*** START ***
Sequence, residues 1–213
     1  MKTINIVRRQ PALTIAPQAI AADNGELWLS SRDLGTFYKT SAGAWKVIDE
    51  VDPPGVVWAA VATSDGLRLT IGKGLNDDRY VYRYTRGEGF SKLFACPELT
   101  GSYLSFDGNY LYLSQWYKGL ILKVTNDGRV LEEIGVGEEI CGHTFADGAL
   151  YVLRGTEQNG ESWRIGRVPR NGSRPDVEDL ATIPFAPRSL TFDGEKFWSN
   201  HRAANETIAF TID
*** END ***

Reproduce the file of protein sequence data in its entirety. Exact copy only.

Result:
Sequence, residues 1–213
     1  MKTINIVRRQ PALTIAPQAI AADNGELWLS SRDLGTFYKT SAGAWKVIDE
    51  VDPPGVVWAA VATSDGLRLT IGKGLNDDRY VYRYTRGEGF SKLFACPELT
   101  GSYLSFDGNY LYLSQWYKGL ILKVTNDGRV LEEIGVGEEI CGHTFADGAL
   151  YVLRGTEQNG ESWRIGRVPR NGSRPDVEDL ATIPFAPRSL TFDGEKFWSN
   201  HRAANETIAF TID